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Author Topic: Fuel Cap Lock  (Read 2490 times)
Glenn MC9
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« Reply #15 on: April 16, 2008, 07:43:46 PM »

"10 seconds with a bolt cutter"

Not if he puts one of these dudes on.
http://www.masterlock.com/cgi-bin/style_search.pl?dir=/residential/highsecurity/&style_id=A4&sub_style_id=C473
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1984 MCI-9 (Jersey Cruiser)
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Tallulah Falls, Ga.
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FloridaCliff
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« Reply #16 on: April 16, 2008, 07:47:01 PM »

I may end up putting a lock on the filler too!

I have a cam lock on the fuel door.  This was more to keep some idiot from putting something in,

then stealing at the time.  But is much more useful now.

I agree though that, "make it more difficult" and they will move onto an easier target.

Cliff
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1975 GMC  P8M4905A-1160    North Central Florida

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FloridaCliff
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« Reply #17 on: April 16, 2008, 07:49:24 PM »



Glenn,

I am using a few of these at remote sites.

Hard to cut for sure, and in a limited access area like behind a fuel door, almost impossible.

Cliff
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1975 GMC  P8M4905A-1160    North Central Florida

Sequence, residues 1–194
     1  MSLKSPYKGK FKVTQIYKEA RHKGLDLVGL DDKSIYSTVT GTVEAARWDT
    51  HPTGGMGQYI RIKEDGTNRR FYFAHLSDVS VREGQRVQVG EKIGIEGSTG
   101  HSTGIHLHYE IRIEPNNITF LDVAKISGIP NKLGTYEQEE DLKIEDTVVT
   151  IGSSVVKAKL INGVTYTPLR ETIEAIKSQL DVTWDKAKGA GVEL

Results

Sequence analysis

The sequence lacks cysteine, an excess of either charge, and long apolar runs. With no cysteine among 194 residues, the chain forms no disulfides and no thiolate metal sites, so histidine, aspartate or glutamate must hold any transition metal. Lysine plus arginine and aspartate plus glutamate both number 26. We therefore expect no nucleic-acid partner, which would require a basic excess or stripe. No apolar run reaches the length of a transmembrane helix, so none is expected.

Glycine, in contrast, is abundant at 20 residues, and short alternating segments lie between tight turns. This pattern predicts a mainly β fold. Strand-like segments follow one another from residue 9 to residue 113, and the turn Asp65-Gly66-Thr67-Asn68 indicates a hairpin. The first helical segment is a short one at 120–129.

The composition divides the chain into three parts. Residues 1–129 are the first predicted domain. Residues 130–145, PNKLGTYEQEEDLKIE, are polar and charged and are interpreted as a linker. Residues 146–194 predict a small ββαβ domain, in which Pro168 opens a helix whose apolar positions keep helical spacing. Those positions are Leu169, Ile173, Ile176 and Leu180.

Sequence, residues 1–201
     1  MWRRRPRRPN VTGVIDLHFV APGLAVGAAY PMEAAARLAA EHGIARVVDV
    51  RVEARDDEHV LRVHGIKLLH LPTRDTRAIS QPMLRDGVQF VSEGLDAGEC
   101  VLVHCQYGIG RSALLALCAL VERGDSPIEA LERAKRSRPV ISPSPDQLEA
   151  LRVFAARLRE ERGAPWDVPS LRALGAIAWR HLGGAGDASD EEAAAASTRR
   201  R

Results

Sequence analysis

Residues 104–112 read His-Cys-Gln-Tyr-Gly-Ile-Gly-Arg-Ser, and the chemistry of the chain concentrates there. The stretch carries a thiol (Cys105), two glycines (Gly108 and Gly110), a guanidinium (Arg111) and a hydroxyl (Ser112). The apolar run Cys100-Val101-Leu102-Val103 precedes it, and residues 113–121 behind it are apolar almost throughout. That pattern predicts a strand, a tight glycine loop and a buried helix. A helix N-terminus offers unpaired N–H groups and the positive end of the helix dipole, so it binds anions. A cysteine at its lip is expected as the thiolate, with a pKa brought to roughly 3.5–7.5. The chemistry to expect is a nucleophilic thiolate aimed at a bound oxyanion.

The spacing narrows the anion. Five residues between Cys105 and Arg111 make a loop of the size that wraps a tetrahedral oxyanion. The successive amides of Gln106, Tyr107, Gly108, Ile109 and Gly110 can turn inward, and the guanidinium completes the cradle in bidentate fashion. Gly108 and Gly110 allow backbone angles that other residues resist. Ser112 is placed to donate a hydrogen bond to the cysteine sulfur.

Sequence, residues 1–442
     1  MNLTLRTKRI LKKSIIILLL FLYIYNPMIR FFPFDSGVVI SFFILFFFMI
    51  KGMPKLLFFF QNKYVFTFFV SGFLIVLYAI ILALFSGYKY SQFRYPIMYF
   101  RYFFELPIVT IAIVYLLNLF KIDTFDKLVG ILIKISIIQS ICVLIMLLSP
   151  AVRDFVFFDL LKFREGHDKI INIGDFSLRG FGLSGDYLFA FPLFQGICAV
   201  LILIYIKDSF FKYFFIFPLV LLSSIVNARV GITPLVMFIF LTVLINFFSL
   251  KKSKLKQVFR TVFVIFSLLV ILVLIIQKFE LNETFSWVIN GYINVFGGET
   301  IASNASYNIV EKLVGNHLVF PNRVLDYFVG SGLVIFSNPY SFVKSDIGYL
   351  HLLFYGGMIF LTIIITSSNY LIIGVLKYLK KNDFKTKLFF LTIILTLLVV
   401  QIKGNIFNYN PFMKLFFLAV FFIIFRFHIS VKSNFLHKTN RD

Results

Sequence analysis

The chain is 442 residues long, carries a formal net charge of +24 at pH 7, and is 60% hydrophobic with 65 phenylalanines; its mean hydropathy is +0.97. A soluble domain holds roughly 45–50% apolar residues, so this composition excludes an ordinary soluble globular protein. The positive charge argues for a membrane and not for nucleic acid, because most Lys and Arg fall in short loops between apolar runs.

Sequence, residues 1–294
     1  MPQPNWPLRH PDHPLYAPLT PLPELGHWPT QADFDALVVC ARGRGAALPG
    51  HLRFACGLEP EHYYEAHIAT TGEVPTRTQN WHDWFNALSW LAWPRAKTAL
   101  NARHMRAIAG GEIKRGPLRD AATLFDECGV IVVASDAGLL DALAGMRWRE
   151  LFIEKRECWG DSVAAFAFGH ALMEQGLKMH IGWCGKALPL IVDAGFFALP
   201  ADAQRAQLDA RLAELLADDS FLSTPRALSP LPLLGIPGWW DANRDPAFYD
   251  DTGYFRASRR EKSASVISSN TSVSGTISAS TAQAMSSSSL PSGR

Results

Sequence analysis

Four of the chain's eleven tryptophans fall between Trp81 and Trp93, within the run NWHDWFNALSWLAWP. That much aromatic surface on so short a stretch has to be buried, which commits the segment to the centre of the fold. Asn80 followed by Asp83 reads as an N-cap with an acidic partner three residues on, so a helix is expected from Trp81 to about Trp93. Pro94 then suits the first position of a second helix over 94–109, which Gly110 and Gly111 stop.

"There are basically two types of people. People who accomplish things, and people who claim to have accomplished things. The first group is less crowded."
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chazwood
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« Reply #18 on: April 16, 2008, 08:02:43 PM »

9 seconds......... with a stick of dynamite.


Next!
« Last Edit: April 16, 2008, 08:14:36 PM by chazwood » Logged

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Barn Owl
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« Reply #19 on: April 16, 2008, 09:20:49 PM »

What Jack has done is a deterrent and nothing else. Itís all you can do. I have to break into things all of the time where I work and there is nothing that will stop someone who is determined.  Higher quality locks and hasps only slow things down somewhat. What Jack has done is complicate things a bit for the thief. Instead of just a hose or pump and someplace to put the fuel, the thief would need more. For an inexpensive hasp, a hacksaw will work well. Also bolt cutters on the lock or on the hasp eye loop. Moving up the tool list how about a cordless reciprocating saw with a nice bi-metal blade. If he had power and noise was not an issue a 4 Ĺ inch angle grinder with a metal cut-off blade would work. Better yet, a pneumatic cut off wheel using the bus air. I can pick just about any padlock with a traditional tumbler using a modified hacksaw blade and a small screwdriver. I'll stop it there. Anyways, I want to put something on my fuel filler also but mine is designed differently and I am not sure how I want to do it. But like Jackís, it will serve only to make someone elseís fuel a more worthwhile take.

Anyone have one of those nice big gun safes (I do). I can have one opened and cleaned out in less than ten minutes. The sad part is that it doesnít take any skill, just the right tool (Iím not talking about a plasma cutter or acetylene).

I use a similar saw to the one below at work, and it is amazing how well it cuts the big stuff: